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Malibu vintners fight to stop extension of ban on new vineyards

Malibu vintners and grape growers are trying to stop the six-month extension of a temporary ban on new vineyards, or extensions of existing ones, in the north area of the Santa Monica Mountains. Concerns about the drought and vineyards’ potential water use are behind the ban.

The ban was imposed by the Los Angeles County supervisors on June 16. The decision whether to extend the ban or not takes place on Tuesday, July 28.

The ban was put in place after there was a perceived rush on applications for vineyard permits in the unincorporated north area of the Santa Monica Mountains, which includes unincorporated Malibu, Agoura, parts of Calabasas and Topanga.

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Supervisor Sheila Kuehl weighs in: “As I indicated when I first put in the motion for a ban — only in the north area of Santa Monica Mountains — the number of applications for new vineyards worried me in the aggregate because of the overall amount of additional water that could be drawn down, as well as there being no information about what chemicals or pesticides might be added to runoff. These were not just half an acre or small backyard vintners, but applicants for larger vineyards. People just drill wells. They draw water.”

She cites a study that found that in Central California, the water table had been lowered significantly. “And in the mountains, we don’t have a way to measure the impact of vineyards drawing off water upstream.”

Dan Fredman, owner of a small backyard vineyard and a spokesperson for the Malibu Coast Vintners & Grape Growers Alliance, says, “when we saw the proposed measure, we were down at the planning commission offices as quickly as we could, to provide them with correct information on grapevines and viticulture as it’s practiced in Malibu.”

Vine growers feel that the moratorium is unnecessary because they’ve already begun working with Anita Gutierrez in the Department of Regional Planning to address the commission’s concerns about vineyards in the area.

One thing that drew their interest was the fact that 51 applications were made for new vineyards in a ten-month period, whereas the previous year generated only three.

Nicole Englund, incoming Supervisor Sheil Kuehl’s planning and transportation deputy, says, “fifteen cases have been approved since May of 2014 and those encompassed approximately 270 acres. And then we have 28 cases that are still pending and those encompass 297 acres.” Gutierrez confirmed those figures, saying roughly 300 acres of potential vineyards are in limbo.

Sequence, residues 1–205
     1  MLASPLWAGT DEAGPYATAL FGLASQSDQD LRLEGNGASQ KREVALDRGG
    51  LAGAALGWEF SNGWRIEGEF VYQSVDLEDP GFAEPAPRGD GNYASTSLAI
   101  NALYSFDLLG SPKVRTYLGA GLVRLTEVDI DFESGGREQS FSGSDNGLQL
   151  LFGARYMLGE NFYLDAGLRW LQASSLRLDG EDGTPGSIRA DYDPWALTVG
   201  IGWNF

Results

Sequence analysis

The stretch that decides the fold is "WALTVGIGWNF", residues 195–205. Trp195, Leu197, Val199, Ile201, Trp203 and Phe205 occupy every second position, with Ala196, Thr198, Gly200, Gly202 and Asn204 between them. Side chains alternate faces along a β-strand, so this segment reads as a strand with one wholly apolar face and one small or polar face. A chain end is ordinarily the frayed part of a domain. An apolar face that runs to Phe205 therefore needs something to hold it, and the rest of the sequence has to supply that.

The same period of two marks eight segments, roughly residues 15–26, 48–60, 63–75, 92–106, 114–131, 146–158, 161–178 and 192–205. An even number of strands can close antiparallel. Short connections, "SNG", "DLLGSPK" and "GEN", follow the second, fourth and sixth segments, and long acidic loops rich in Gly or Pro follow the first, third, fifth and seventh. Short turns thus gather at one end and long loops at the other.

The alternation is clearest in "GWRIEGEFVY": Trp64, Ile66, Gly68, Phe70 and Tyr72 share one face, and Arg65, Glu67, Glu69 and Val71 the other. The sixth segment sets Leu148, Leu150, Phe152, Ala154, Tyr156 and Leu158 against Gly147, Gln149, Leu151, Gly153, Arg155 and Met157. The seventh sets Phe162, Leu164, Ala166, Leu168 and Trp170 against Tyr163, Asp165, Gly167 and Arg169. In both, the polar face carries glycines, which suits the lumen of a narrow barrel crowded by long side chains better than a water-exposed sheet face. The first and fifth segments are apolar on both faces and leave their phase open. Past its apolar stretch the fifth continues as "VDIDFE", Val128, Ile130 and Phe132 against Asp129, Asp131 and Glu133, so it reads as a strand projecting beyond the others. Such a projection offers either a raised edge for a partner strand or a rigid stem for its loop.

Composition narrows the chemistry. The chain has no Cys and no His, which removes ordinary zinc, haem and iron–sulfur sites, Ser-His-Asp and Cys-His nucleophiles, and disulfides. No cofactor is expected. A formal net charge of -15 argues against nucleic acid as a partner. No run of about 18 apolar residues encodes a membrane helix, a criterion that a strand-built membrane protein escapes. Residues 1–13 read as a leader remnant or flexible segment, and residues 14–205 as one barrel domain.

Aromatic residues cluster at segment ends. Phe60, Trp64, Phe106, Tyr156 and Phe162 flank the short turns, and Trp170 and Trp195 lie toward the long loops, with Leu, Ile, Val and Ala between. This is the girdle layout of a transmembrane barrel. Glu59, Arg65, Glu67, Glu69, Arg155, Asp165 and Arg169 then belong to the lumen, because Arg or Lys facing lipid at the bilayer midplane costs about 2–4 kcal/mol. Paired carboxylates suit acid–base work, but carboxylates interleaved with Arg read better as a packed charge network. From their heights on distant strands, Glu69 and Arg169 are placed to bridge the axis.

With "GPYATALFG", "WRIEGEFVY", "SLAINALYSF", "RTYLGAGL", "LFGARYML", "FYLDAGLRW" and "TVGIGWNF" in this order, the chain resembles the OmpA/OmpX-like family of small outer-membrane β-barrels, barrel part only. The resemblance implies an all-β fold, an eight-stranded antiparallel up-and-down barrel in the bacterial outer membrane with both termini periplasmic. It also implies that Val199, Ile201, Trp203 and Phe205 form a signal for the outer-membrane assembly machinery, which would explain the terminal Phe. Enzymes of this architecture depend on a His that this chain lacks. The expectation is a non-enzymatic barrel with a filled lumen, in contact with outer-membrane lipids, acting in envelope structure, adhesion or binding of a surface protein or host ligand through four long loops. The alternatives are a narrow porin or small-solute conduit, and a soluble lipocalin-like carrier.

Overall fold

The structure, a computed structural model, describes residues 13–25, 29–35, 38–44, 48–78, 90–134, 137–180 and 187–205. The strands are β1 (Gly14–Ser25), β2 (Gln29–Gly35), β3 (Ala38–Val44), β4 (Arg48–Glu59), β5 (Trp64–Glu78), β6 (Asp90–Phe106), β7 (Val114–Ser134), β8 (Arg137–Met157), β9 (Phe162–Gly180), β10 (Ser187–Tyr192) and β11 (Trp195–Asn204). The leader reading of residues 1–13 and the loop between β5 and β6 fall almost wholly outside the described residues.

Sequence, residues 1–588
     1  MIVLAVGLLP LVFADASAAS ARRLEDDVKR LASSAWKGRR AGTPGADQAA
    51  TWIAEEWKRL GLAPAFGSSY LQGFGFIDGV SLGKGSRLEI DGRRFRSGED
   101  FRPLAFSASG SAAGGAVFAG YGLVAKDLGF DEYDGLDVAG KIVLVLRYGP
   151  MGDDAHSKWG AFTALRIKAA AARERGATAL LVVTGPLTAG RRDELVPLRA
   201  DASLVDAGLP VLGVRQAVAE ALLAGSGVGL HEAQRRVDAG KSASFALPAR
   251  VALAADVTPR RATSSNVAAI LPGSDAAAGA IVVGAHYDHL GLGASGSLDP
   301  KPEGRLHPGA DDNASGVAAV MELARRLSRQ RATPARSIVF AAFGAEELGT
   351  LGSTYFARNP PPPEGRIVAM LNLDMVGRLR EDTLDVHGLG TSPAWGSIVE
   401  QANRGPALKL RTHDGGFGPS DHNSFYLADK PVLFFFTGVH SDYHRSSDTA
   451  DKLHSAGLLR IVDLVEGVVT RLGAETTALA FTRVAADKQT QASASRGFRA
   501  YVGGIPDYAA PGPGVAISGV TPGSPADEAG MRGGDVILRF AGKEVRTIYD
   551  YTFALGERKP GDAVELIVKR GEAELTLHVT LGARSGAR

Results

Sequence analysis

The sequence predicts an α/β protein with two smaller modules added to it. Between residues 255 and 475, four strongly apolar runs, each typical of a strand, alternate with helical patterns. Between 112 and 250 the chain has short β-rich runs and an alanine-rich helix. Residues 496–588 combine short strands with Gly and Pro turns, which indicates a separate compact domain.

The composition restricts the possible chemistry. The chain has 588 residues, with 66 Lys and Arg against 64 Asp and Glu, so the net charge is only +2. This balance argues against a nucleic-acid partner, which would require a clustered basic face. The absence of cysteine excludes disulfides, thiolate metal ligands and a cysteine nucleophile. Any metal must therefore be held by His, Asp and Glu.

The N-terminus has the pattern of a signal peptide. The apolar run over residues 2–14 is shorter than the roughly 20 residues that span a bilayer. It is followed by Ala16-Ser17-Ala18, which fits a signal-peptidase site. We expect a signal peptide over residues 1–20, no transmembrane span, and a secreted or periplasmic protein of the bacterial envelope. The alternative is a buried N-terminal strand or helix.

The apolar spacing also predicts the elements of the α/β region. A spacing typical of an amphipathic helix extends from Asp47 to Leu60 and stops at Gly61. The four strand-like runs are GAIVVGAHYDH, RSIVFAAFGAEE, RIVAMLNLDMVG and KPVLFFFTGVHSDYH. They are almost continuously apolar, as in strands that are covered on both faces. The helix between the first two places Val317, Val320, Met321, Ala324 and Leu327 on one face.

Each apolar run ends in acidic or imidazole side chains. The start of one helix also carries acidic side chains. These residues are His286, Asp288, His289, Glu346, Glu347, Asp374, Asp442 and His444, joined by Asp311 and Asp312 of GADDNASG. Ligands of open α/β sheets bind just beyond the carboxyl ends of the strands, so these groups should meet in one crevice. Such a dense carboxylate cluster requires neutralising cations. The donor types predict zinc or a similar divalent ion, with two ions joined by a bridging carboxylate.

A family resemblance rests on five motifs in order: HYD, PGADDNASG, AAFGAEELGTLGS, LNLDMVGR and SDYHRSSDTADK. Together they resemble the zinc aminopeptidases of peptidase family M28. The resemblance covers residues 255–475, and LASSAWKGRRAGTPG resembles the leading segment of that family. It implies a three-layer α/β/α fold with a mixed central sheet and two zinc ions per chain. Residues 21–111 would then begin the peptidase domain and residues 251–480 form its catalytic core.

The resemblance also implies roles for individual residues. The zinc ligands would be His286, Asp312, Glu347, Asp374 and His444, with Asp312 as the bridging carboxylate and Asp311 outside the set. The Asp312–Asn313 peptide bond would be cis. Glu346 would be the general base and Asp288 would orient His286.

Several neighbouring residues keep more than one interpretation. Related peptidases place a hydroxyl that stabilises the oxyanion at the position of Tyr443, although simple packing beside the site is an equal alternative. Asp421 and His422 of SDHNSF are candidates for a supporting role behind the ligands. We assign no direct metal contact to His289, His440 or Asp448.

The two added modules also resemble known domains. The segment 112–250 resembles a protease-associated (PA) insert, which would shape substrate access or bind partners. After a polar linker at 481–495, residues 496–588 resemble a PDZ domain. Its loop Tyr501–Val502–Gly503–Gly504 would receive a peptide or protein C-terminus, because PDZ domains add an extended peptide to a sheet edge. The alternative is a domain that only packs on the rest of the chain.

Some landowners applied for vineyards for their entire property and may have only planted on a small portion of their land, but the supervisor’s office has no way of knowing that.

When the alliance investigated, they found all those applications had been made because at a meeting with planning commission representatives a year ago, homeowners in the Triunfo/Lobo area were advised to get in their applications if they were even thinking about planting a vineyard in the future. They took the advice to heart, fearing they’d be shut out in the future unless they had a permit for a vineyard grandfathered in.

“The real hardship is directed at the landowners who have already submitted applications for vineyard permits and are legally entitled to plant crops on their agriculturally zoned land,” says Montage Vineyards’ John Gooden, president of the Malibu Coast Vintners & Grape Growers Alliance.

“All these people were trying to do was comply with the law and they went ahead and hired land use consultants, had maps drawn, et cetera. This ordinance is discriminating against grapes. They’re not banning avocado orchards and they use seven times the amount of water that grapevines do.”

Malibu is not and never was poised to become the next Napa Valley. With the exception of vineyards in the Kanan/Mulholland area, plots are small. Most are farmed sustainably by the families themselves. Vines are drought-tolerant. In fact, the plants produce better fruit when they’re stressed.

Vineyards in Malibu are irrigated, if at all, by drip irrigation. That means there’s no runoff, and the water goes to the plant’s roots.

“The members of the alliance have become absolute misers in terms of our water use,” says Fredman. “We farm sustainably and with acute attention to the beauty of our natural surroundings.”

The Malibu Coast Vintners and Grape Growers Alliance also discovered that the figures cited by the supervisors were incorrect. Several properties applying for new permits had been assigned multiple permit numbers, and in many cases the entire acreage had been counted rather than just the portion under vines.

“In the big scheme of things, we’re talking about an insignificant amount of acreage. The north area encompasses 21,188 acres, and the acreage under consideration is not even 2% of that, so would not have an impact on the environment,” says Gooden.

“Vineyards should have a place in the land use plan. They’ve been in the Santa Monica Mountains for over 200 years. We’re just trying to continue a tradition of sustainable family farming.“

All this week members of the alliance have been meeting individually with supervisors and planning staffers to explain their position and predicament. The vote comes up again on Tuesday, when they’re trying to get as many of their own members — and any other interested wine lovers — to show support against extending the ban at the supervisors meeting at 9:30 a.m.

They’re also encouraging people to go to their website and sign a petition supporting vineyards in the Santa Monica Mountains.

Follow @sirenevirbila for more on food and wine.


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